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Providers Report Anger And Despair Among Patients After Texas Officials Ban Abortions

Abortion providers have had to call patients to cancel their appointments this week because of a ban issued Sunday.
Julia Reihs
Abortion providers have had to call patients to cancel their appointments this week because of a ban issued Sunday.

Officials at Planned Parenthood of Greater Texas say they have canceled 261 abortions since Tuesday, after the state effectively banned the procedure.

Sarah Wheat, the chief external affairs officer for Planned Parenthood of Greater Texas in Austin, said the health centers have also been prevented from helping patients seeking abortions.

“Our health centers have received 583 calls from patients seeking appointments during that same time period,” she said in a statement.

On Sunday, Gov. Greg Abbott issued on order halting  procedures that are “not immediately medically necessary” during the coronavirus outbreak. The next day, Texas Attorney General Ken Paxton confirmed that included abortions.  

“It’s been really difficult,” said Dr. Amna Dermish, the regional medical director for Central Texas with Planned Parenthood of Greater Texas.

Dermish said clinic staff have been forced to call women to let them know their appointments had been canceled indefinitely. She said patients have responded with “anger, sadness, frustration and despair” when they’ve gotten that call.

“We have had to rotate staff through that job because it’s a really difficult thing to do,” Dermish said.

These cancellations are also coming at a particularly hard time for many patients, Planned Parenthood officials say. The COVID-19 outbreak has caused an unprecedented spike in unemployment claims, as joblessness rates increase across the country.

“Our patients are just like everyone else out there,” Dermish said. “They are dealing with job losses, health insurance losses, concerns about their health and their welfare.”

She said “adding an unintended pregnancy” and taking away the option of having an abortion has been hard for her patients to deal with.

“You know I had a patient – I had to tell her the news that we couldn’t see her,” Dermish said. “And she sat for a minute and then I asked her, ‘How are you feeling with this?’ And she said, ‘I feel lost.’”

Other providers in Texas have also reported massive cancelations this week.

Amy Hagstrom-Miller, president and CEO of Whole Woman’s Health and Whole Woman’s Health Alliance, said her clinics had been forced to cancel more than 150 appointments as of Wednesday.

During an online event with anti-abortion activists earlier this week, Texas Attorney General Ken Paxton praised Abbott, who said his order applies to abortions. Ultimately, Paxton said, the order was “designed to protect hospitals.”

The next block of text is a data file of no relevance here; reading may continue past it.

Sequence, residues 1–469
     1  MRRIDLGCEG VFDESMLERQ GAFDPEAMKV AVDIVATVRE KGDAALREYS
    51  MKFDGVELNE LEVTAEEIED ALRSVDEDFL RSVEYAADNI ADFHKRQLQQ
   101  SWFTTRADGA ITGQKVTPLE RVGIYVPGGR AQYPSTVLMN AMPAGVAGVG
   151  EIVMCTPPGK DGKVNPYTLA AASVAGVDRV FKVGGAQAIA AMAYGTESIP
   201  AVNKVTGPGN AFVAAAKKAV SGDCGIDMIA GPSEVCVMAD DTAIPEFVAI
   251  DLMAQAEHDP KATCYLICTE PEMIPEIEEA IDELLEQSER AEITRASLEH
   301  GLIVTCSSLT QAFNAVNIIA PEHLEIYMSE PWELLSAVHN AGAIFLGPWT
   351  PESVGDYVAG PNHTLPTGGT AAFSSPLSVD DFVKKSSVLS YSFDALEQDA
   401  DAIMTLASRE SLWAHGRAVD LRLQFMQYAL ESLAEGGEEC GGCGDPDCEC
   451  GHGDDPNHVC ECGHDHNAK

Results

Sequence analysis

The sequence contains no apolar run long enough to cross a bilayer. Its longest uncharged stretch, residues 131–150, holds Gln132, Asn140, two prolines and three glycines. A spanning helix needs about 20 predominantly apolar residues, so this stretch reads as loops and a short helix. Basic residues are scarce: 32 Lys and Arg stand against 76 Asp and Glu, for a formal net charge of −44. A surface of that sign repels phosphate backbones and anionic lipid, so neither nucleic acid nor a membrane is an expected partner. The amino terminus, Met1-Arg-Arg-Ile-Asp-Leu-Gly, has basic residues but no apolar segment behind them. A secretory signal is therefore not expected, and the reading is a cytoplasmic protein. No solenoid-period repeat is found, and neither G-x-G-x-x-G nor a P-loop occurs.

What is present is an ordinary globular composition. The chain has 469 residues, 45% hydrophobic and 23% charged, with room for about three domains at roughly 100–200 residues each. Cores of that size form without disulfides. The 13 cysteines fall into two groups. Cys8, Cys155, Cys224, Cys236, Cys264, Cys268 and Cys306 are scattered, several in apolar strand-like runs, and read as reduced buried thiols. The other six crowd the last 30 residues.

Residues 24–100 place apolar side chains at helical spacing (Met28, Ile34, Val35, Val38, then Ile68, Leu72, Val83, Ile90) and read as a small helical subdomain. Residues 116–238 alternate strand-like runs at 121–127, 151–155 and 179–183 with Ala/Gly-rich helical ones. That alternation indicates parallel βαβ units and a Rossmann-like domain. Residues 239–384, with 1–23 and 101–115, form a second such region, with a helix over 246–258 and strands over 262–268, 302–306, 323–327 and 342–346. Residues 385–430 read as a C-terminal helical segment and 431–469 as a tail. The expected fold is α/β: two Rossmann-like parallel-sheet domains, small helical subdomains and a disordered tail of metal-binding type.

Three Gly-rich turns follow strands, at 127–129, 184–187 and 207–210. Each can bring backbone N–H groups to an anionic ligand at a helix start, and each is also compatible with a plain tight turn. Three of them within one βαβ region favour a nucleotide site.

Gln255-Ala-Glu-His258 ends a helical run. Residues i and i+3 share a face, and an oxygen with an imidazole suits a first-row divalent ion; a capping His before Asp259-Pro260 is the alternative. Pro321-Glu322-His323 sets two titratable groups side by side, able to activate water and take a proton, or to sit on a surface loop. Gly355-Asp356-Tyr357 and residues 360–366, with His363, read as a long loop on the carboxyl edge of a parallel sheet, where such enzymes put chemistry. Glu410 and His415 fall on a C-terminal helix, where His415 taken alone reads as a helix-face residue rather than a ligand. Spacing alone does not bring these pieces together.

“The truth is abortion – for the most part – is an elective procedure that can be done later,” he said.

This week providers and advocates filed a lawsuit asking a court to block the state’s ban immediately.

In the meantime, there is a lot of uncertainty around who providers can help at this point, including people with a range of medical needs.

“Regardless of their reason for seeking an abortion and their personal circumstances,” Wheat said, “every patient’s ability to access an abortion at our health centers is blocked right now by Texas Governor Abbott and Att. General Paxton.”

Dermish said this has raised concerns among other medical providers, too.

“I got a panicked call from one of my maternal fetal medicine colleagues on Monday saying, “I have a patient that was supposed to see you this week with a fetal anomaly,'" Dermish said. “'What is she supposed to do?'”

Dermish said she is also concerned this ban will likely force women to travel to other states, which could create issues as state officials around the country try to stop the spread of the coronavirus. Historically, women in Texas have also sought to  self-induce abortions, as clinics closed their doors in the state –which could raise another set of problems.

“Honestly, I wish Gov. Abbott or Attorney General Paxton had to make those phone calls to cancel those procedures for those patients,” Dermish said. “And then maybe they would have a sense of what the impact is on the people in our community.”

Got a tip? Email Ashley Lopez at alopez@kut.org. Follow her on Twitter @AshLopezRadio .

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Ashley Lopez joined KUT in January 2016.
Ashley Lopez
Ashley Lopez joined KUT in January 2016. She covers politics and health care, and is part of the NPR-Kaiser Health News reporting collaborative. Previously she worked as a reporter at public radio stations in Louisville, Ky.; Miami and Fort Myers, Fla., where she won a National Edward R. Murrow Award.